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Column: More than you ever wanted to know about tent caterpillars

Yes, they’re a nuisance in peak years but the critters are also a fascinating denizen of our northern forest, says The Birdman
Tent caterpillars abound. They may be icky, but they’re also fascinating says birding columnist Chris Blomme. (Heather Green Oliver/

Earlier last week there was an interview on a local radio station with Greater Sudbury’s entomologist, Jennifer Babin-Fenske, and a number of other local insect scientists. 

The theme of the story related to the inundation of the Eastern and forest tent caterpillars in the Greater Sudbury area; a preferred site in part due to the lack of plant diversity here, but also in part due to availability of host plants such as trembling aspen, wild cherries and poplars. 

The invasion of our area by these tent caterpillars is cyclic and in peak years the trees are almost laid bare by these hungry insects, the forest will rebound given a chance, and with good weather and rain. 

In peak years you can walk along a trail, take a minute to pause and actually hear it rain frass, the correct name for the small black gifts that come out of the other end of the caterpillar as it munches on and processes the succulent greens of the leaf. 

Another interesting behavior trait with the colonial caterpillars is that they respond to loud noises close to their group. During the interview it was suggested that you clap your hands, but if you have the nerve you can walk up to a group of them and yell really loudly. Be sure to look over your shoulder first to see that you will not be misinterpreted. The caterpillars will rear up on their hind appendages and start to wiggle, an apparent defense mechanism.

Forest and Eastern tent caterpillars are quite hairy and though this is a deterrent to some wildlife, species such as the red-eyed vireo, black-billed cuckoo and veery will consume the caterpillars as food. 

The forest tent caterpillars craft a silken mat whereas the eastern tent caterpillar makes a tent for protection. Both species work as gregarious groups and will pupate around the same time. This helps co-ordinate the development of the life stages. As you read this article, the caterpillars are now close to full grown and start to wander, looking for a cocoon site. 

Cocoons look like silky yellow or white chambers containing the pupa and can be found in many strange places. Leaf curls, attachments to ground vegetation, under boards and locations all the way up into the canopy are not unusual. The emergence of the adult red brown moths will occur soon after. 

The moths can be seen in large numbers during peak years. Lights left on in the back porch at night, or early morning gas fill ups (because the station is lit up at night) will make you well aware of their presence. Moths are readily eaten by a number of birds during this period in time as well. The moths with the larger more feathered looking antennae are the males and these antennae are used to locate the females.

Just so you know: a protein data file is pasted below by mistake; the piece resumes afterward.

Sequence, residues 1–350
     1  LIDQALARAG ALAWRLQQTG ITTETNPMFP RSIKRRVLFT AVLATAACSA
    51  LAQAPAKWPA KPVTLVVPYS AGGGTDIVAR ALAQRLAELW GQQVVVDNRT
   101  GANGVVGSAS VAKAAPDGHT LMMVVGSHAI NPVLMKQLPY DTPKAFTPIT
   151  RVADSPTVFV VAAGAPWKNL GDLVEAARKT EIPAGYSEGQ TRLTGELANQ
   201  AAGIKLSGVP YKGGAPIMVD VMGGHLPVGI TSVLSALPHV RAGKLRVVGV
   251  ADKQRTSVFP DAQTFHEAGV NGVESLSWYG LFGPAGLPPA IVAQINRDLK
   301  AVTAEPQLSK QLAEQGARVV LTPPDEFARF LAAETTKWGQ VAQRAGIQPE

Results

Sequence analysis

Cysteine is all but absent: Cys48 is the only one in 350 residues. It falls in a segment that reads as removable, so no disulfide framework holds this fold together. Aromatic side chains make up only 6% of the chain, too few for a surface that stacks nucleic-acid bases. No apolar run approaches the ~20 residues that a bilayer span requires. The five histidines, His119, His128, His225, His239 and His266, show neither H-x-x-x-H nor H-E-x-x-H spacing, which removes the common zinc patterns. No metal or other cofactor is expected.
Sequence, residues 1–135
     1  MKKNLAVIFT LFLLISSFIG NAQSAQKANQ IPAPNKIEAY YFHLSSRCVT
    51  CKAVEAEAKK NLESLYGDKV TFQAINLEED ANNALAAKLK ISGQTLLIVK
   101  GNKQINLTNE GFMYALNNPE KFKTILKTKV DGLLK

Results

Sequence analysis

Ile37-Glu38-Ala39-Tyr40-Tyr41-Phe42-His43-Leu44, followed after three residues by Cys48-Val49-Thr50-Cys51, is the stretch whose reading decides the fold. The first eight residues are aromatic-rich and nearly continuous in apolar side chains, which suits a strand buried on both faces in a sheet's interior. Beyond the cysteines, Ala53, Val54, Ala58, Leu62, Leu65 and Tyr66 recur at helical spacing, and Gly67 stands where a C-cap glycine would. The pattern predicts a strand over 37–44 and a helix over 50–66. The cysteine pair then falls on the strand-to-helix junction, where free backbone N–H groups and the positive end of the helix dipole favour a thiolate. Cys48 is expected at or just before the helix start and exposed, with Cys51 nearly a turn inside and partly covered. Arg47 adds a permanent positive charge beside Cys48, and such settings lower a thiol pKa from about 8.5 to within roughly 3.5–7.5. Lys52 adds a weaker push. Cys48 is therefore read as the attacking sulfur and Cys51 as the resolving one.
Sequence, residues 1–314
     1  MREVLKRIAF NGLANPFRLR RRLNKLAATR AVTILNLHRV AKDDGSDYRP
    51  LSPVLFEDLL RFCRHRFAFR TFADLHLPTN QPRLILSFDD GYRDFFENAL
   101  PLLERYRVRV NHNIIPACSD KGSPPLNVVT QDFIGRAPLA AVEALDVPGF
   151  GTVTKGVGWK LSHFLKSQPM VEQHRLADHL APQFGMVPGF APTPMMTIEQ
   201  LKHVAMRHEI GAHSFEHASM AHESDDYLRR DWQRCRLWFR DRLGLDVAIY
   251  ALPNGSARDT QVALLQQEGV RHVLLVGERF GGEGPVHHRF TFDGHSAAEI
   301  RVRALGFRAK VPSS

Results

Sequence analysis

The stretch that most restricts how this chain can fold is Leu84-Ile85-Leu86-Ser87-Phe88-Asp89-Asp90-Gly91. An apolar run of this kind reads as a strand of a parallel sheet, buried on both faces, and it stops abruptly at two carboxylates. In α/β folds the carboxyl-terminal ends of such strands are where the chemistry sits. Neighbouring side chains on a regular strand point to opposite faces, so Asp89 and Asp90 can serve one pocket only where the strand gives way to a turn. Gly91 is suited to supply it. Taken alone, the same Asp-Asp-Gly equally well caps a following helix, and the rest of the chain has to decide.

Mating then occurs and eggs are laid in the form of a small beautiful bracelet around the twigs of the host plant. The eggs over winter and will hatch in the spring of next year if conditions are right, to start the cycle again. If you are really good you can snip off these egg bands from your favourite crab apple tree at this time.

While listening to the radio broadcast I was lying down on the couch looking at the large picture window of the camp. Jennifer Babin-Fenske had mentioned the “friendly” fly that is a natural controller of the tent caterpillar. 

By chance I had one of these “friendly” flies trapped in the camp. It had been there all morning and was doing the typical trapped insect routine. It would walk along the wooden edge of the window down the length using its mouth parts to gauge the area. “Friendly” flies are like over grown house flies with a grey striped body. 

At one point it came across a much smaller black fly walking in the opposite direction, touched it once then walked around it. I decided that the fly had been trapped for long enough so I tried a small experiment. 

What would it do if I put a droplet of beer just in front of where it was going and watched what happens. Sure enough, like a true northerner, as it approached the droplet the mouth part became quickly active and it started to drink. 

Now, in order for this to be a true experiment it was necessary to repeat it to see if the same behaviour would occur. The original droplet was gone fairly quickly so I place another droplet behind the fly and about four centimeters away. 

When the fly turned to begin its walk back down the window frame, sure enough it came to the second droplet and started to lap it up. It did not resume its walk until all the fluid was gone. 

Such a devoted fly should not go unrewarded. Gently, I used a glass and a card to capture the individual and released it outside. As to the brand of beer, my editor suggests we leave the name out.

Chris Blomme is an executive member of the Sudbury Ornithological Society and works with animals at Laurentian University. Have a question for Chris? Send it to